0000 0000 0000 0000 0000 0000 0000 0000

0000 0000 0000 0000 0000 0000 0101 0010

0000 0000 0000 0000 0000 0000 0000 0001

The first step in compressing this address is to convert groups of sixteen bits into groups of four hexadecimal (

This is an entirely legal representation, a well-formed address. Another, optional, step is to leave out any leading zeros in any group of four digits. That lets us compress the address a lot:

Another step, again optional, is to collapse one run of consecutive zero groups into a single empty group. We can do this to only one consecutive sequence of zero groups. If we did it to more than one sequence, there would be no way to reconstruct how many zeroes were in each sequence. If we have two sequences, we can collapse either. So now we can write this:

Handy hint: Think of the double colon as meaning

We use this notation whenever we are talking about a whole network, and don't care about the individual addresses in it. The above can also be read as

If we are talking about a specific address, the prefix sometimes doesn't matter, because we have specified every bit in the address. So this is an address – no need to specify a prefix:

However, addresses are often written with their proper prefix included, like this:

The /64 tells us that this is an address with a 64 bit prefix. Writing addresses this way can result in confusion (see also Subnetting Traps below), so always make sure it is clear from the context if you have written an address with a prefix length.

2001:db8:0001::/48

Notice that the difference is that a further 16 bits have been specified (remember each hex digit represents 4 bits). The original 32 plus the additional 16 make 48 in all.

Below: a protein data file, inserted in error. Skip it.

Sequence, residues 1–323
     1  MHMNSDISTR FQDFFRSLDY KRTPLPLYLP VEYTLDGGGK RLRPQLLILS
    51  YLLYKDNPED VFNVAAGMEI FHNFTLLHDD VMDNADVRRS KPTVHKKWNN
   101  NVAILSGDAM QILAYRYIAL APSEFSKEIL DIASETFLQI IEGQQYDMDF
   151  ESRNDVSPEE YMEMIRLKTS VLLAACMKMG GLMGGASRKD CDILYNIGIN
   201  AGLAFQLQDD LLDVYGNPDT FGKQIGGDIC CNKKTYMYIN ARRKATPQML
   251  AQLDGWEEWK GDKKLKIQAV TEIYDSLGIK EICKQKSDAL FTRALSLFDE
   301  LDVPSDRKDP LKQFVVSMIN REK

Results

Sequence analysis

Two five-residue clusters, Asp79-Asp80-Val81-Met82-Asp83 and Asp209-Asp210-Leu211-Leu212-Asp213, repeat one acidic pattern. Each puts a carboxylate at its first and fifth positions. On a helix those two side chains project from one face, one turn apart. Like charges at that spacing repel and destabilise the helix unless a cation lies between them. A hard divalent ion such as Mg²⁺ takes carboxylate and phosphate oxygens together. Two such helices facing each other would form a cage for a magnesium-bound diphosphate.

16 bits can express 65536 distinct values, so there are 65536 distinct /48 networks in any /32 network:

2001:db8:0001::/4

[... 65532 subnets omitted ...]

2001:db8:FFFF::/48

The bigger the prefix, the smaller the network, in the sense that it can contain fewer hosts. A /96 is a network the size of the entire existing IPv4 Internet, because it has 32 bits' worth of host addresses in it (96 + 32 = 128). A /120 has only 8 bits left for hosts, so it's the same size as an IPv4 Class C subnet: 256 addresses.

Consider the eight /64 subnets below:

P:0001::/64

P:0002::/64 P:0002::/63

P:0003::/64

P:0004::/64 P:0004::/63 P:0004::/62

P:0005::/64

P:0006::/64 P:0006::/63

P:0007::/64

P represents the first 48 bits. The table columns show that the addresses from

Saying we want a /63 is the same as saying that the first 63 bits of any address in that network form the prefix part, and the remainder form the host part. That means that bit 64 is in the host part, because it is not one of the first 63 bits. But in

In other words,

By the same logic, we can't have

How many /64 networks are there in a /60? Again, deduct the size of the network from the size of the subnet: 64 - 60 = 4, and 2

It works for any size prefix and subnet. How many /93 subnets are there in a /91 network? 93 - 91 = 2, so there are four subnets. How many /12 subnets in a /9 network? 12 - 9 = 3, so there are eight subnets. And so on. How many /112 subnets in a /14 network?

Subnet calculations are easier with hex and IPv6 than with decimal and IPv4. Still, they can be wearisome. There are many good subnet calculators available on the web – just search for "IPv6 subnet calculator". At time of writing, there was a very good crop at http://www.subnetonline.com.

Note: This primer just discusses the basic binary bits. An IPv6 address has more structure than this, and various bit patterns – especially in the first octet – are special. There are also conventions and standards around subnet sizes. For more information, see RFC4291.

Karl Auer, April 2011

IPv6 Prefix Primer ©2008-2015 IPv6 Now Pty Ltd